Delving into the Lollapuzzoola 11 puzzles!

The eleventh edition of Lollapuzzoola arrived, as expected, on a Saturday in August, and it did not disappoint. The largest annual crossword tournament in New York (and the second largest in the world) has become not only one of the highlights of the puzzle calendar, but an institution at this point.

I was not in attendance, but I did sign up for the Solve At Home puzzles. Last weekend, I finally had a chance to sit down and try my hands at this year’s tournament puzzles, and I was not disappointed. Lollapuzzoola continues to push the envelope with inventive themes and unique spins on how to bring crosswords to life. (Although there was nothing as raucous as last year’s De-cat-hlon puzzle that had participants meowing aloud.)

This year’s theme was “Back to School,” so every puzzle had something academic or el-hi about it, and the constructors were clearly inspired in all sorts of ways. Let’s take a look at what they came up with.


Warm-Up: Twinlets by Brian Cimmet

This puzzle felt more like hitting the ground running than warming up, but it definitely got the creative juices flowing. The solver is presented with two identical grids and two sets of clues, and you have to figure out which grid each answer applies to.

This was complicated by the fact that several of the clues were the same for multiple entries. For example, the clue to 1 Across for both grids was “One party in an after-school one-on-one encounter.” The grids themselves also made for a tough solve, since there were several sections only connected by a single word, so you had fewer ins to tell you which answer applied.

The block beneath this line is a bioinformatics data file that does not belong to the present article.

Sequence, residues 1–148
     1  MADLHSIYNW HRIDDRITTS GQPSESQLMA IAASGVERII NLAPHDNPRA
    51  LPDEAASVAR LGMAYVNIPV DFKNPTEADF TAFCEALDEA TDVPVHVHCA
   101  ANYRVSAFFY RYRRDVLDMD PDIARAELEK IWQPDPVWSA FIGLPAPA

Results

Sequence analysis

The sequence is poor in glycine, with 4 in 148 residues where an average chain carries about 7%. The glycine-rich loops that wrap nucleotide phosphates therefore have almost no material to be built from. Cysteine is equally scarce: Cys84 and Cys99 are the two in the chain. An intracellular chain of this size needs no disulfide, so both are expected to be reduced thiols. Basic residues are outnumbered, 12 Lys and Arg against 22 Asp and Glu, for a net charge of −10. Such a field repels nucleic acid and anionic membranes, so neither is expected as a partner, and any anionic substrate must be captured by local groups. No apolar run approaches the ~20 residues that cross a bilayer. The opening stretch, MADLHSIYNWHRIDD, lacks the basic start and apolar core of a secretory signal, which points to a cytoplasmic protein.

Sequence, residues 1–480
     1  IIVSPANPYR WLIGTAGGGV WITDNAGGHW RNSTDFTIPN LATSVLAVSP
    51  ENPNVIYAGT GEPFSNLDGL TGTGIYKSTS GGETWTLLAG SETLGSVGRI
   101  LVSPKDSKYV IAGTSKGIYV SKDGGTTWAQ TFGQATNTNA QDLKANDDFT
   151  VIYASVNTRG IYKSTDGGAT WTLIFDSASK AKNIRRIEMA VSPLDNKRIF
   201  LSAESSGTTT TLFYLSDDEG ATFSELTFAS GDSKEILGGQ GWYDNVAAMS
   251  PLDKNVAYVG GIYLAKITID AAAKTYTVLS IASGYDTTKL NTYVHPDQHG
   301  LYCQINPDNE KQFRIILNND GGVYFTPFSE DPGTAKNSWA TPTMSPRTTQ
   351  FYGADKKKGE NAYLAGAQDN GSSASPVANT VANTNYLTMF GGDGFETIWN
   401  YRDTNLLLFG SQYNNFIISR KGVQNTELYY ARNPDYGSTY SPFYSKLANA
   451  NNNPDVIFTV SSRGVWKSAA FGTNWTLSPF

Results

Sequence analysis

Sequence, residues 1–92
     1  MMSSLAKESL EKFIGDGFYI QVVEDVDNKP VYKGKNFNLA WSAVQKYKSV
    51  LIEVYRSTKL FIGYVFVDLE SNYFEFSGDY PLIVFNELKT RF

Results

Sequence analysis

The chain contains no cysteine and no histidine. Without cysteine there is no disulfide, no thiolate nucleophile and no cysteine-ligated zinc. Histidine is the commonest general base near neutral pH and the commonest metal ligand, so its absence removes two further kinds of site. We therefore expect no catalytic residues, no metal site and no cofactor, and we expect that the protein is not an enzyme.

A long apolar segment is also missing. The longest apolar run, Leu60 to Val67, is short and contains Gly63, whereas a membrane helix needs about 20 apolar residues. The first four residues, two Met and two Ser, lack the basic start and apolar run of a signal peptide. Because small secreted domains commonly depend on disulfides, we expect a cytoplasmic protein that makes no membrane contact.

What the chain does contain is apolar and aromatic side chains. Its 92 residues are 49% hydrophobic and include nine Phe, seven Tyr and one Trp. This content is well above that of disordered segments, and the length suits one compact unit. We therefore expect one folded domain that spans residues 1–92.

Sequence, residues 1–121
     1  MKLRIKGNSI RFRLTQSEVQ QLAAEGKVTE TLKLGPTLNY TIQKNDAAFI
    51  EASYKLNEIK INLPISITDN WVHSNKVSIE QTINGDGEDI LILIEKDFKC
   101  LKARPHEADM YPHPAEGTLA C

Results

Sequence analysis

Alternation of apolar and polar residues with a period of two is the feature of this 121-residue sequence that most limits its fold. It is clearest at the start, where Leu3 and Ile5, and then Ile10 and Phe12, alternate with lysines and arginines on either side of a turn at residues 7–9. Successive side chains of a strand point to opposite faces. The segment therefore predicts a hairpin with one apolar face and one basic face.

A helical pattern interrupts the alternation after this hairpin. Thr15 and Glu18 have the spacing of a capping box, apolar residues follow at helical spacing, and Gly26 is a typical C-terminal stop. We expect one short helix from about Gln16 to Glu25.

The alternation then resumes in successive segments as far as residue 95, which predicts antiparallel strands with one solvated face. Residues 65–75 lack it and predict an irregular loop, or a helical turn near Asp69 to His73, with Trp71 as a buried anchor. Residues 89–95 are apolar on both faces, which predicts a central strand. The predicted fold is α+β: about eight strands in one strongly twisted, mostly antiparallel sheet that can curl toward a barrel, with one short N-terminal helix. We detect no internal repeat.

Overall, this was a tough but fair way to open up the tournament.

Interesting grid entries included US OPEN, GLAIVE, STEVIA, and CAN IT BE, and my favorite clue was “Fit to finish?” for ATEE.

Puzzle 1: Back to School by Aimee Lucido

The competition puzzles kicked off with this gem — my first Aimee Lucido puzzle, if I recall correctly — a terrific variation on a 17×17 grid with a clever hook. The themed entries had 4-letter colleges hidden backwards inside them (inside shaded boxes), and those colleges reappeared elsewhere in the grid, this time reading the correct way.

With four themed entries and four repeated colleges in a tight space, you could’ve easily had some tough crossings and awkward fill, but instead, the solve was smooth and the grid construction tight. A really great starting puzzle overall.

Interesting grid entries included COSTCO, TAOIST, MALAWI, and AGITATOR, and my favorite clues were “Mac alternative?” for BUB, “Movies, and some comics, but *definitely* not video games, according to some” for CANON, and “Axle attachments that always make me think of the world record holder for the 100-meter dash” for U-BOLTS.